RANDOLPH – On display at the Turner Free Library is a piece of art titled “Take the Mic” done in a passionate pink and featuring a girl singing confidently onstage.
Standing next to it just as confidently on a recent weekday was the artist, 17-year-old Nhu Vo, of Randolph High School. She is one of nine teenage art interns at the library who created work for the new Randolph Teen Art Gallery, an idea Young Adult Librarian Melissa Bennett came up with while brainstorming how to better connect with teens.
In February, Bennett gathered the nine teen artists and invited local artist Jamaal Eversley to be their mentor. Bennett provided each student with a theme for their artwork, and students are free to create whatever they like based on the theme.
“I wanted them to create a piece that meant something to them,” she said.
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The artwork will be displayed in the library’s Teen Room.
Isabella Luu, 17, picked the theme “The Breakthrough.” It took her only one hour to come up with a rough draft, and she took her inspiration from the symbolism in Asian art.
She drew a Japanese woman holding an umbrella. Behind her is a crane heading to the sun, representing hope. A red rope hanging from her shoulder represents fate, Luu said.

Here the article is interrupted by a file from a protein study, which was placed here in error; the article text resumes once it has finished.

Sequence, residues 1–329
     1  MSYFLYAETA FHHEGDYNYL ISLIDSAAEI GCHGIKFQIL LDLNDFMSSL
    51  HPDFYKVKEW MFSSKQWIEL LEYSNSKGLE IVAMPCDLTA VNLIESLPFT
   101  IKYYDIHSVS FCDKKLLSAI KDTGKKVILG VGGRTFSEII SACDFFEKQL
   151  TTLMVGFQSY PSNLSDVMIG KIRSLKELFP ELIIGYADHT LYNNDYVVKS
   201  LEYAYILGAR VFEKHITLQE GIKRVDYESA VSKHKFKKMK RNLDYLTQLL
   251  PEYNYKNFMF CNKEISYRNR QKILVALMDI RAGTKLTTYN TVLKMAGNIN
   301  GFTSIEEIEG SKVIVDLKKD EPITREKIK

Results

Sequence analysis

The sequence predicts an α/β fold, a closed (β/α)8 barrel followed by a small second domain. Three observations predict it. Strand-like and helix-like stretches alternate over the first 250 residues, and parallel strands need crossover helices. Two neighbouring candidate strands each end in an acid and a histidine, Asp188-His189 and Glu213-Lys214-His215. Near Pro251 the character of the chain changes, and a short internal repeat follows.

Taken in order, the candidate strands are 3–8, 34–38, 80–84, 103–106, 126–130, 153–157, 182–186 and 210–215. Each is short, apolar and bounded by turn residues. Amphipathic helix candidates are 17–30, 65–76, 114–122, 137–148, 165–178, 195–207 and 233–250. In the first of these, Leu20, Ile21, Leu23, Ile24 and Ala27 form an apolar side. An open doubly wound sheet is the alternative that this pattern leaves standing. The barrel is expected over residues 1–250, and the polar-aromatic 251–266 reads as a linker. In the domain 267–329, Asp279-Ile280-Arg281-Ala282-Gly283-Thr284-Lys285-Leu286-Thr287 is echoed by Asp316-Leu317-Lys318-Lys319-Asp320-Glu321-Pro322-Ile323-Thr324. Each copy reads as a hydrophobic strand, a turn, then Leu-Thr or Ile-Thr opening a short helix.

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‘They continue to inspire’
A gallery opening was held June 6. State Sen. Walter Timilty, D-Milton, offered the participating students Senate citations. Each intern also received $250 for their work.
Pleased with the outcome, Bennett and Eversley said they hope to hold the event again in the upcoming school year.
“They continue to inspire the other teens just by having their piece hanging here,” Bennett said.
Other teens asked her to include them in the program after seeing the artwork installation, she said.
Eversley said, “Every single piece blew me away. These guys have something to say. It shows they are leaders. They have shown their motivation and creativity.”
Putting the art to use
Bennett created the gallery in part to expand her Teen Lit subscription box, a monthly service she launched last year. Through the free service, she puts together boxes containing a book, candy and a gift for each teen who she has subscribed. She has 32 subscribers.
“It was about giving the teens in the program something to look forward to monthly,” she said.
The works created for the gallery will be used in different ways as part of the subscription box until February 2023. Luu’s work, for example, will be featured on a planner and sent to the subscribers in the new year, which she said fits her art’s theme of hopefulness. Other artworks will be printed on items such as beach towels and puzzles.
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Reach Hongyu Liu at [email protected]